Members of the Free Syrian Army during heavy fighting with government troops for the control of the old city of Aleppo, 13 October 2012

What Journalists Carry on the Front Lines: Achilleas Zavallis, Syria

Syria Travel Ambassadors
by Cengiz Yar Jr. Oct 23, 2013
Matador is teaming up with the FFR1 to show you what conflict and foreign freelancers carry with them on assignments.

Achilleas Zavallis is full-time freelance photographer spending his time between the Middle East and Europe. Specializing in editorial photography, he covers conflict and post-conflict issues.

From 2005 to 2011, he was based in Greece documenting the economic crisis and the impact it had on the social fabric of the country. In 2012, he shifted his attention to the Middle East to document, among other issues, the war in Syria and the implications it has for the region.

Profile photo

Achilleas is represented by HAYTHAM Pictures and is a regular contributor to Agence France Presse and a variety of international publications. Here’s a look at his gear:

  • 2 Canon Mark II cameras
  • 2 extra camera batteries & chargers
  • 1 Canon 28mm, f 1.8 lens
  • 1 Canon 50mm, f 1.4 lens
  • 1 Canon 100mm, f2 lens
  • 8 SanDisk memory cards (16GB)
  • 1 Flashlens
  • Notebook
  • Computer: MacBook
  • Military Assault Bag

Items from Achilleas's bag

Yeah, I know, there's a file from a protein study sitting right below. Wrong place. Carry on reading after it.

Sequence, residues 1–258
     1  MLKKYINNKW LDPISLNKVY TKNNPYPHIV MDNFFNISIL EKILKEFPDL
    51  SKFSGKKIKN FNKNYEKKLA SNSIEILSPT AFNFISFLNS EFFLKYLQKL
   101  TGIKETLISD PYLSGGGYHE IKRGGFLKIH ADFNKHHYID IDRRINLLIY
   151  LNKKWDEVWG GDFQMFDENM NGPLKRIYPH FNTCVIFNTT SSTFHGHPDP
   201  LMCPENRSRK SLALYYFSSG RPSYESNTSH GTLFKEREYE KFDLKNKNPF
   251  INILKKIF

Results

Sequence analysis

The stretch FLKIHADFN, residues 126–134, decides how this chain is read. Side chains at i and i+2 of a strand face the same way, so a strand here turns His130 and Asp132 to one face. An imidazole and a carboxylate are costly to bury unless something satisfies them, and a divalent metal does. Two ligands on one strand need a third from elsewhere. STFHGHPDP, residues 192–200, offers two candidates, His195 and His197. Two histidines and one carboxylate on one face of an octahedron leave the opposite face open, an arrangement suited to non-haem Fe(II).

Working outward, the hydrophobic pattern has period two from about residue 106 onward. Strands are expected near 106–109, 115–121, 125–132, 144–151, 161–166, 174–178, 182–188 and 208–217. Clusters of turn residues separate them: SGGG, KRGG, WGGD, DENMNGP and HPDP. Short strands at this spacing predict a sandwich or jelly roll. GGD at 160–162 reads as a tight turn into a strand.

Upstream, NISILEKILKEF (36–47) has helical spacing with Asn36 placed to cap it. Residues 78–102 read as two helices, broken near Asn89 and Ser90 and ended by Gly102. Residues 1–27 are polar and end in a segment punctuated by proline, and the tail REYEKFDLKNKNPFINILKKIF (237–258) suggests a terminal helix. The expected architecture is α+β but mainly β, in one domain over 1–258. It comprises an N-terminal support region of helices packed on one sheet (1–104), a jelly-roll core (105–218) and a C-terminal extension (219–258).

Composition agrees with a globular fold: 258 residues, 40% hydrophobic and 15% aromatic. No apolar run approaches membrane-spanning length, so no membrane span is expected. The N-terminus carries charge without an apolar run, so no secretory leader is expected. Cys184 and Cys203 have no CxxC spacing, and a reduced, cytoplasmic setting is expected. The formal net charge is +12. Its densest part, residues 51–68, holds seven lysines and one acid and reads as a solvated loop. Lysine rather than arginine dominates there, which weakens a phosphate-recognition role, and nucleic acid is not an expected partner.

1The Frontline Freelance Register (FFR) is a representative body for freelancers, created and run by freelancers. It is an independent, ring-fenced entity which sits within the Frontline Club Charitable Trust with membership open to all freelance journalists working in conflict or foreign reporting. The FFR’s core objective is to support the physical and mental well-being of freelance journalists. In a world where staff jobs and fully paid foreign assignments are increasingly scarce, foreign and war reporting is dominated by freelancers, many of whom are deeply committed professionals doing outstanding work. At the same time, many of these freelancers lack the institutional support and the financial means to adequately manage the challenges of operating in dangerous environments in the long term. They also lack organised representation, often leaving them at the mercy of powerful media groups. FFR aims to help freelancers by providing them with a forum, a representative body, and a critical mass to face some of these challenges.

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